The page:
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AMD Radeon RX 7900 XT to Feature 3GHz Boost Clock plus 92 TFLOPs FP32 TP: 128 Core Compute Units on RDNA 3 GPUs [Rumor]

AMD will be significantly overhauling its next-gen graphics architecture, right from the Compute Units to the process node. According to data mined from the latest Linux drivers, the RDNA 3 compute units will feature an unprecedented 128 cores per Compute Unit (CU) across four SIMDs. That is twice as much as existing RDNA/GCN designs, marking a significant shift in the Radeon scheduling/dispatch algorithm.

Via: Kepler_L2

The SIMD32 and the Dual Compute Unit (DCU)/Work Group Processor (WGP) designs introduced with the 1st Gen RDNA core architecture will be retained. However, each CU and DCU/WGP will contain twice as many ALUs and SIMDs. We’re looking at x4 SIMDs per CU and x8 per WGP, and a total of 128 and 256 shaders per CU and WGP, respectively.

GCN vs RDNA

The primary philosophy of the RDNA graphics architecture was the ability to do more with less. This is why the Radeon RX 5700 XT was faster than the Radeon VII despite packing fewer cores. This was achieved by switching to a shorter wave 32 dispatch from a longer (but less efficient) 64 thread model. Overall, each CU was still 64 ALU wide but the SIMDs (the smallest unit of scheduling) were fattened up to 32 cores, up from 16 in GCN. The basic unit of scheduling was changed from the CU to the WGP/DCU, making up for the reduced thread count per dispatch.

RDNA 3 mockup: The LDS, TMUs, and cache are almost certainly getting an overhaul

With RDNA 3, we still have 32-core SIMDs and wave 32 scheduling, but there are twice as many both on the CU and WGP front. This should retain the efficiency of the RDNA core but allow for significantly higher core counts and higher per-core bandwidth by pairing each WGP with more cache, texture data, and registers.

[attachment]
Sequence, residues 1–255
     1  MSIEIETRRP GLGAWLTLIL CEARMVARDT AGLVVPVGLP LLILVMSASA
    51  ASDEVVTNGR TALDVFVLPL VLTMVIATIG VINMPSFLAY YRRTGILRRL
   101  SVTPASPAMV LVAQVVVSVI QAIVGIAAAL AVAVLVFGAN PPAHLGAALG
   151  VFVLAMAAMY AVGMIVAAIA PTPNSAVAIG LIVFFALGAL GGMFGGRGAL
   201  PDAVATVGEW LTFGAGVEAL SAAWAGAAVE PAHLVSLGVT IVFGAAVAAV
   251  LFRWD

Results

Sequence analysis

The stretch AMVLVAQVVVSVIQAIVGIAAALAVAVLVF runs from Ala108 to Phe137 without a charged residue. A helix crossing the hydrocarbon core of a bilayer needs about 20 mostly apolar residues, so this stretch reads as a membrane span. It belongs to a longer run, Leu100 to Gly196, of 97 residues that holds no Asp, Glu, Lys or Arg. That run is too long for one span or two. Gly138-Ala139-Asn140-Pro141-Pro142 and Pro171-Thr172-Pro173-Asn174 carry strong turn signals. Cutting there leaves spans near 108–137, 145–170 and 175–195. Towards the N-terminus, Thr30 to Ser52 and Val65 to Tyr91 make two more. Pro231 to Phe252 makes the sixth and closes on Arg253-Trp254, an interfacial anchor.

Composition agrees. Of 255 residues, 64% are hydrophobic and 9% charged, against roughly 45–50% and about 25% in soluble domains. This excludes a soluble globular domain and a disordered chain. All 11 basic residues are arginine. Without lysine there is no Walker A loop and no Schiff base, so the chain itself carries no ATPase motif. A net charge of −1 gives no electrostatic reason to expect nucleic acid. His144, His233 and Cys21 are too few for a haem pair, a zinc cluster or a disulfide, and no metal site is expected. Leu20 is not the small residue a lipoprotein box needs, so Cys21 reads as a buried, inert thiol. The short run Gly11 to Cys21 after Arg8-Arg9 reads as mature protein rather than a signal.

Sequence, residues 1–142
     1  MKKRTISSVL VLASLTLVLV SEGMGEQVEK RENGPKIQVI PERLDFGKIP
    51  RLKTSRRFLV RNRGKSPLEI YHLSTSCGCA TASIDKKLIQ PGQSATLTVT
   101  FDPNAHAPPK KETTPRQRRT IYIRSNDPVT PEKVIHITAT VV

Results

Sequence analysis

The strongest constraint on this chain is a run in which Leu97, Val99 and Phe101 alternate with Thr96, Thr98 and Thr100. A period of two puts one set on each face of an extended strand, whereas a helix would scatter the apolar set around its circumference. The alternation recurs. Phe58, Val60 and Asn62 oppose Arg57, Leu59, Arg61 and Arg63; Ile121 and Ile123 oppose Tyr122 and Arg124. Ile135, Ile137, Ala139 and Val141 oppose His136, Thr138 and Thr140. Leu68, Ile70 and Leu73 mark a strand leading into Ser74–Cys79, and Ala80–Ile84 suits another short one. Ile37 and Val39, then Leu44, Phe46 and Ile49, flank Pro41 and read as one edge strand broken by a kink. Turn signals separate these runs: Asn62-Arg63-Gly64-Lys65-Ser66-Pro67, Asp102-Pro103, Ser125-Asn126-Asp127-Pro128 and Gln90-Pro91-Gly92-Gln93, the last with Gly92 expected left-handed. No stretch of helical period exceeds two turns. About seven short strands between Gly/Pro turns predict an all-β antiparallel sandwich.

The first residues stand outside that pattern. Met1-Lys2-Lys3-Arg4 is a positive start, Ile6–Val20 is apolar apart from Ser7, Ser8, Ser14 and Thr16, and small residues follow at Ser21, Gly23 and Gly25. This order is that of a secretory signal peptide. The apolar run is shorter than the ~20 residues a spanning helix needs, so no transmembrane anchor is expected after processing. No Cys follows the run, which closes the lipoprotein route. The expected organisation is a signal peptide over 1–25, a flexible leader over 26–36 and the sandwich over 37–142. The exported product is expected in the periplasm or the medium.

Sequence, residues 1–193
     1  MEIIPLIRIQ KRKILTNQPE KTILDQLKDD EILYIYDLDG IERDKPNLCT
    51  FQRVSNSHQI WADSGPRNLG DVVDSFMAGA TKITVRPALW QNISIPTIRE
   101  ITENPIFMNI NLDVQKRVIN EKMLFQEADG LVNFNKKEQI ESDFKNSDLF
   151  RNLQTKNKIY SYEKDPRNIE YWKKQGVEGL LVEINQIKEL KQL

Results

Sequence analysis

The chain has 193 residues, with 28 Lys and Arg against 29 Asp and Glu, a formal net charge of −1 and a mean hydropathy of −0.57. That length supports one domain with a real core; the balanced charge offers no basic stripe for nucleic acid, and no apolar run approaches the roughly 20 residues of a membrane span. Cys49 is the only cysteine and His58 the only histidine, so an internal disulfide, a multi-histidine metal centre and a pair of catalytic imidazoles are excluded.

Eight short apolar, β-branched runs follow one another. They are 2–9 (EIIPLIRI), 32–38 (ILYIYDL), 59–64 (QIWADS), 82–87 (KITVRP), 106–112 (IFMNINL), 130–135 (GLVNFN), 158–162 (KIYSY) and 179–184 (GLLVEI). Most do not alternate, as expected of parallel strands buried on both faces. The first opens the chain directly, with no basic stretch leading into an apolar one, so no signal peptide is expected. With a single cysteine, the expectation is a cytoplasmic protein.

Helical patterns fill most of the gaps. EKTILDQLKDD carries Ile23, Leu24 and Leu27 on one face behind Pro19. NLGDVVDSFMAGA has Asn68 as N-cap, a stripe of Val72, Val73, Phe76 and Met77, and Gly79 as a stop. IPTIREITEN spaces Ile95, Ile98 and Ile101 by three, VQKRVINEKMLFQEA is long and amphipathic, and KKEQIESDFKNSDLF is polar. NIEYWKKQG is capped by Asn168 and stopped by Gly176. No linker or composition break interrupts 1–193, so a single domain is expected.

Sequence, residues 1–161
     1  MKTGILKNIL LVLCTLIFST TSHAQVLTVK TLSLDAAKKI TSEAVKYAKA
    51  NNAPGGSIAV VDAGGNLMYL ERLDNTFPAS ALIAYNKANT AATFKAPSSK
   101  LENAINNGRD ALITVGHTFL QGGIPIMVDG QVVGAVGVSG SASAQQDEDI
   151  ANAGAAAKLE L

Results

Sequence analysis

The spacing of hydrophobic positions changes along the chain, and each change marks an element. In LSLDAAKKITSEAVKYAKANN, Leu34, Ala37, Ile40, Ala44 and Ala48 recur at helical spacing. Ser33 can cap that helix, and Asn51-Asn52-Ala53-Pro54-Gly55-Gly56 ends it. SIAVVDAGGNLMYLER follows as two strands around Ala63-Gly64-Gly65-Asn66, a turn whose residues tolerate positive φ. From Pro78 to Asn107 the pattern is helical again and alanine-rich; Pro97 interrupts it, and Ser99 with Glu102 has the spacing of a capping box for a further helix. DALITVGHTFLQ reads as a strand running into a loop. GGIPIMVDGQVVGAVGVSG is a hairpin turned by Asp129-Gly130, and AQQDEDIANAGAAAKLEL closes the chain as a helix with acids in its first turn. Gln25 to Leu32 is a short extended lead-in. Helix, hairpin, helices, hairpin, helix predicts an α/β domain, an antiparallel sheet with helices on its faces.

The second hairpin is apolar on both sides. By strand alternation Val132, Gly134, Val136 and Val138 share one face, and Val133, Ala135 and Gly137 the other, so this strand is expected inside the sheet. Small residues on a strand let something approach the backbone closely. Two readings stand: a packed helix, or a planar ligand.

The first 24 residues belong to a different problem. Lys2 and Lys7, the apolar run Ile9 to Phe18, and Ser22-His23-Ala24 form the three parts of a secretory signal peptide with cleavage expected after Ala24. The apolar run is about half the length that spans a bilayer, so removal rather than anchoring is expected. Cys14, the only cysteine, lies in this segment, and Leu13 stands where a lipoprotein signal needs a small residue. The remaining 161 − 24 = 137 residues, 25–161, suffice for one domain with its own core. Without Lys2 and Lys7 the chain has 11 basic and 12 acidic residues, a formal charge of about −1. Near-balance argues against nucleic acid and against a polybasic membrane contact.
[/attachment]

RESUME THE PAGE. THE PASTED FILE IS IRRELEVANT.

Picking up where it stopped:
According to Greymon55, the Radeon RX 7900 XT will have a boost clock exceeding the 3GHz mark. This isn’t surprising as AMD was already able to push 2.5GHz with the 6900 XT LC, so a 500MHz boost with a major node upgrade is all but expected.

With a 3GHz boost, the Radeon RX 7900 XT will have a single-precision compute throughput of 92 TFLOPs. This is if we consider the GPU to feature over 15K FP32 ALUs across two GCDs paired and a 256-bit bus. Here’s our previous coverage on the RX 7900 XT:


The Navi 31 GPU powering the Radeon RX 7900 XT will consist of seven dies: x2 Graphics Compute Dies or GCDs fabbed on TSMC’s 5nm process, x4 Memory Complex Dies or MCDs fabbed on the 6nm node, as well as the I/O die. According to MLID, the 5nm dies are internally referred to as the GCDs while the 6nm dies are called the MCDs. I’m not sure what will be 3D stacked upon what but I’d bet on the MCDs being placed on the GCDs.

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It’s unclear whether AMD will go all out with the Infinity Cache and equip the Navi 31-powered RX 7900 XT with 512MB of L3 or a more reasonable 256 MB. The Radeon RX 6900 XT, in comparison, comes with just 128MB of IC. It’s highly probable that the LLC blocks will be paired with the memory controllers across multiple 6nm MCDs. At least, that’s what I expect. Finally, there’s the matter of the TGP. Unlike NVIDIA, AMD is still aiming for a very respectable 450W via two 8-pin or a single 12-pin power connector.

Navi 32 which will power the Radeon RX 7800 XT will also feature a chiplet design albeit with fewer dies. You can expect two GCDs at the very least with two to five MCDs. 3D stacking isn’t confirmed for this SKU but if the layout is the same as Navi 31, you can expect the MCDs to sit atop the GCDs. In terms of performance, picture a 50-70% uplift over the Radeon RX 6800 XT, and a 300-350W TGP.

Both the Radeon RX 7900 XT (Navi 31) and the RX 7800 XT (Navi 32) will feature x16 PCIe gen 5 lanes. The former will launch in the holiday season following the Navi 33-powered RX 7700 XT, and the latter is slated for an early 2023 release.

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All AMD Radeon RX 7000 GPUs Have Been Taped Out: Radeon RX 7700 XT Undergoing Mass Production [Report]

Areej

Computer hardware enthusiast, PC gamer, and almost an engineer. Former co-founder of Techquila (2017-2019), a fairly successful tech outlet. Been working on Hardware Times since 2019, an outlet dedicated to computer hardware and its applications.
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